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Fantasia 2010: Clash


Directed by Le Thanh Son

It’s never a good sign when even non-fans of a given genre can spot the clichés pervading a particular piece. Whether you own a collection of imported martial arts movies, or you wouldn’t even see Crouching Tiger, Hidden Dragon despite its Oscar nominations, it’s hard to imagine any viewer identifying anything in the Vietnamese film Clash that resembles imagination, suspense, or even fun. Not even some impressively choreographed fight scenes can save the film from being too long at a flimsy 90 minutes.

So unoriginal is the storyline surrounding the kung-fu mayhem, one wonders if it wouldn’t be better appreciated as the tacked-on “plot” of a video game rather than an actual screenplay. Devices from countless other movies (martial arts-related or not) seem to turn up in every frame: The beautiful but deadly femme fatale, the professional rivals who can’t help falling for each other, the parade of characters walking in slow-motion unison while clad in aviator sunglasses, evil overlords uttering philosophical diatribes that wouldn’t even hold up in a undergrad conference, etc.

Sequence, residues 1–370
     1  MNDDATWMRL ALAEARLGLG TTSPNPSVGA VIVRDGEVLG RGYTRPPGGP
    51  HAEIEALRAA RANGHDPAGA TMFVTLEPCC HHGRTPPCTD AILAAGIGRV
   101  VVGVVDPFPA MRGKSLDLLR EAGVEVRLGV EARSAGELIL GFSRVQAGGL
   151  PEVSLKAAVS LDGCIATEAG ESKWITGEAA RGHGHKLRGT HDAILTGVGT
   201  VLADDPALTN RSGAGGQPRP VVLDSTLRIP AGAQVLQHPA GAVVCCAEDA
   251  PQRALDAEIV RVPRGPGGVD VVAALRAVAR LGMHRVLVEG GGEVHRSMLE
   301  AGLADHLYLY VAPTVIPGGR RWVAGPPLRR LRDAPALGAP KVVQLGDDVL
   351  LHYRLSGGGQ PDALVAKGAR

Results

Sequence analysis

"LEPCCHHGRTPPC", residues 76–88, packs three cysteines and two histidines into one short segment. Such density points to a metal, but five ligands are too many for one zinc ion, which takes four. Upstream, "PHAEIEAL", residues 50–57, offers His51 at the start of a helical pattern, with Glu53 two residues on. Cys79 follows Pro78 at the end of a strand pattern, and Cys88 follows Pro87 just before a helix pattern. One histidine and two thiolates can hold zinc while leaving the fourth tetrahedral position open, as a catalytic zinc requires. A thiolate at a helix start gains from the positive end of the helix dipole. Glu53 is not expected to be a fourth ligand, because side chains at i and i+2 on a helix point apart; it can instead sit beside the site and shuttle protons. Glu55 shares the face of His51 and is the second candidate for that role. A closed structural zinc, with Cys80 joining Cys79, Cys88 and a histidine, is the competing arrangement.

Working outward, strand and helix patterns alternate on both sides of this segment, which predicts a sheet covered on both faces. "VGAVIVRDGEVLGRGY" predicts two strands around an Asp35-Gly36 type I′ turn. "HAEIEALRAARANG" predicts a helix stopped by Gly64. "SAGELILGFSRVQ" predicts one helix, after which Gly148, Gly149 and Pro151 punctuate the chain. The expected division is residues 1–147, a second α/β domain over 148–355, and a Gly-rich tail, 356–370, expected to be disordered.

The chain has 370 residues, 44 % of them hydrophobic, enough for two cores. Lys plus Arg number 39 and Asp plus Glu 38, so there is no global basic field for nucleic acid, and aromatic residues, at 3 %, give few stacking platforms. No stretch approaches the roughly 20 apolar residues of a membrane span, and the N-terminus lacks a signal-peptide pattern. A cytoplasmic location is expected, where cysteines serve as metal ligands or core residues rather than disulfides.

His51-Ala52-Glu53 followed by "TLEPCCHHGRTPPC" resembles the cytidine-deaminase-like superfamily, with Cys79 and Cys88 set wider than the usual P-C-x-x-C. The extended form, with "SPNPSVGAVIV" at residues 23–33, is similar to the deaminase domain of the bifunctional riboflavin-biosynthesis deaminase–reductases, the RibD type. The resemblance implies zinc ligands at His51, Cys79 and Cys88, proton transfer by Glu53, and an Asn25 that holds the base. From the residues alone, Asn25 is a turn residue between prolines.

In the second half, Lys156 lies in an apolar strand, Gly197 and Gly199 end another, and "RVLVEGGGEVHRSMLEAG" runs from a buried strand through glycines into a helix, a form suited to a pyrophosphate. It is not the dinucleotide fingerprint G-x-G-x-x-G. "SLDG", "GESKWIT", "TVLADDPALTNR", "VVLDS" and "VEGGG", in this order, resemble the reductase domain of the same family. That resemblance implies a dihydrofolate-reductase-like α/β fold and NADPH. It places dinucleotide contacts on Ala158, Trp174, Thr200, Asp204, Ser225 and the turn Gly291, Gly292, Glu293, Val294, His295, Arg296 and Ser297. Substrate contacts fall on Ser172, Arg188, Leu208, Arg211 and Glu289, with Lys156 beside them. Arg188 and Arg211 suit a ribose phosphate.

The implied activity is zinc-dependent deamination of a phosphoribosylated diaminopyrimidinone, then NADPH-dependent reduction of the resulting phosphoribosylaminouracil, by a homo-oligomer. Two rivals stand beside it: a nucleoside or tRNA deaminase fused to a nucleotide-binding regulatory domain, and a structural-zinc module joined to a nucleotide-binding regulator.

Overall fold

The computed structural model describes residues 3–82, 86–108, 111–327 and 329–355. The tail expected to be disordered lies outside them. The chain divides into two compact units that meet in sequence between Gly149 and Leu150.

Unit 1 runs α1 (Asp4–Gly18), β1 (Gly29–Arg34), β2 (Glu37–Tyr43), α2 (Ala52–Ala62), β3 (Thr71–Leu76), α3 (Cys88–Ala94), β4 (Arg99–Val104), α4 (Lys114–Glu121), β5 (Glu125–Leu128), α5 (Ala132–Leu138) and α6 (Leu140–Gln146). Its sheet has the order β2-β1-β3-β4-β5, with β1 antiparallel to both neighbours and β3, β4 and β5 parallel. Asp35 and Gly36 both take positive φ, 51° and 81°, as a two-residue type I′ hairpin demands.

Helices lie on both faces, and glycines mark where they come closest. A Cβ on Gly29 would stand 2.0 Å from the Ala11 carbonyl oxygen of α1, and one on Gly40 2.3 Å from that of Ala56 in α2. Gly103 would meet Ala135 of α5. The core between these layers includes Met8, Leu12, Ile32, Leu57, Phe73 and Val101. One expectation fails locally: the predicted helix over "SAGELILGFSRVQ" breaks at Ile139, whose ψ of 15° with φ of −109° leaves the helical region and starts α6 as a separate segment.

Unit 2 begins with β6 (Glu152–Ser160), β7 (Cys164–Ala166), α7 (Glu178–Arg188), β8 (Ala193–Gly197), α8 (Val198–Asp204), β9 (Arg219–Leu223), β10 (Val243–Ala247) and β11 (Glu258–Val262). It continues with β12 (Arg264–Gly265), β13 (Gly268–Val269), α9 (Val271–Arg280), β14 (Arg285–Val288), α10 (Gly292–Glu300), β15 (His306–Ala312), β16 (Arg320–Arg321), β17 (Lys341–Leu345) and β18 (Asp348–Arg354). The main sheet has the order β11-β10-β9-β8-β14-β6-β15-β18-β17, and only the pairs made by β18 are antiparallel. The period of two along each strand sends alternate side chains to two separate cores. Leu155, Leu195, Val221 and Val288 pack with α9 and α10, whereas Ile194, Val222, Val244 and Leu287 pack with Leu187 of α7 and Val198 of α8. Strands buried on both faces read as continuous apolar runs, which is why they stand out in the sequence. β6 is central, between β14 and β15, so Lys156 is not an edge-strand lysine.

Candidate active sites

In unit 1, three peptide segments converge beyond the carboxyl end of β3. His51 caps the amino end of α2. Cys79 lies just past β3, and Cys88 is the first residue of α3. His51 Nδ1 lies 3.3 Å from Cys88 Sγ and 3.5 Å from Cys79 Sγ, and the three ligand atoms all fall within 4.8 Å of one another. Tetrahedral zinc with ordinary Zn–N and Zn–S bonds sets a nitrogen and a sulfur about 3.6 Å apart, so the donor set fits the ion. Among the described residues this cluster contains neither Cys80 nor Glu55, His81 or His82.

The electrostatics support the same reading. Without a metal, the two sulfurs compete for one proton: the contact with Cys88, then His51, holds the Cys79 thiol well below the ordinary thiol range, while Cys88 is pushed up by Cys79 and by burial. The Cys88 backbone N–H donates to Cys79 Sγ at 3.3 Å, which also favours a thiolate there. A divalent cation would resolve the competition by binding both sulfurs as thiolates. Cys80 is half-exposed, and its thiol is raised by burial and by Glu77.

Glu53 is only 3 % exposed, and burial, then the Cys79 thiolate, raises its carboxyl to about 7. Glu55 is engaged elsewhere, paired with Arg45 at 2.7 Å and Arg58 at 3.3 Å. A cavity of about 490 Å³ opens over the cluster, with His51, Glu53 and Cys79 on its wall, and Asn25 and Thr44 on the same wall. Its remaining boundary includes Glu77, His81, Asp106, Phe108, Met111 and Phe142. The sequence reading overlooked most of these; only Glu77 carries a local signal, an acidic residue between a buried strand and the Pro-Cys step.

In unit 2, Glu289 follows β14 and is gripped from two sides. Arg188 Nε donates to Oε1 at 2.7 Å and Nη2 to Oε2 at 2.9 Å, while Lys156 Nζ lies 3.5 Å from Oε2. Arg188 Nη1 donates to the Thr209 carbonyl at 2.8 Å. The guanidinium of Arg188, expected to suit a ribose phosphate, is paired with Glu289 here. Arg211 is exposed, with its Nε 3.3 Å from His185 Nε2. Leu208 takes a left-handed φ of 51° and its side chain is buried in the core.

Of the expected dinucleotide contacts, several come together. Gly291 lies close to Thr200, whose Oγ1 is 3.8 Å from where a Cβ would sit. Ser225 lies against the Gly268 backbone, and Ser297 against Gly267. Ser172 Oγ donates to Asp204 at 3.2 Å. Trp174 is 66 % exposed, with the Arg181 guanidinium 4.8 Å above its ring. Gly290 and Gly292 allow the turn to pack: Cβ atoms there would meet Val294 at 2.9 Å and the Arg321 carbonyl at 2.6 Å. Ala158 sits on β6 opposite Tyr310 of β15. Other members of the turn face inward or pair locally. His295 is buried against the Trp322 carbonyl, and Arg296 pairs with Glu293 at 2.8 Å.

If director Le Thanh Son had any sense of tongue-in-cheek homage, then the film’s melting pot of clichés could’ve come across as escapist or so-cheesy-it’s-good fun. Unfortunately, the story of Trinh (Veronica Ngo), a mercenary who has to team up with the mysterious Quan (Johnny Nguyen, who also wrote the screenplay) to retrieve a laptop from a group of Frenchmen in order to get her daughter back from her employer, is presented with a heavy-handed solemnity that leaves the viewer restless for the return of the combat scenes which, slick as they are, never quite compensate for the tedium endured beforehand. Apart from the fighting, the liveliest aspect of Clash is the soundtrack, particularly a pounding techno-rap during the opening and closing credits. However, the “dramatic” moments of the film are so woodenly conveyed by Ngo and Nguyen (whose charisma, sadly, does not come anywhere close to rivaling their physical prowess) that the grandiose opera singing accompanying these scenes becomes distracting, repetitive, and incongruent with what’s onscreen.

Prior to Clash, Nguyen, Ngo, and Le Thanh Son had collaborated on the allegedly far superior The Rebel. One hopes that while writing for his next outing, Nguyen will steer clear of the dusty Hollywood recycling bin, and create a script as fresh and exotic as his films’ main attraction.

Jonathan Youster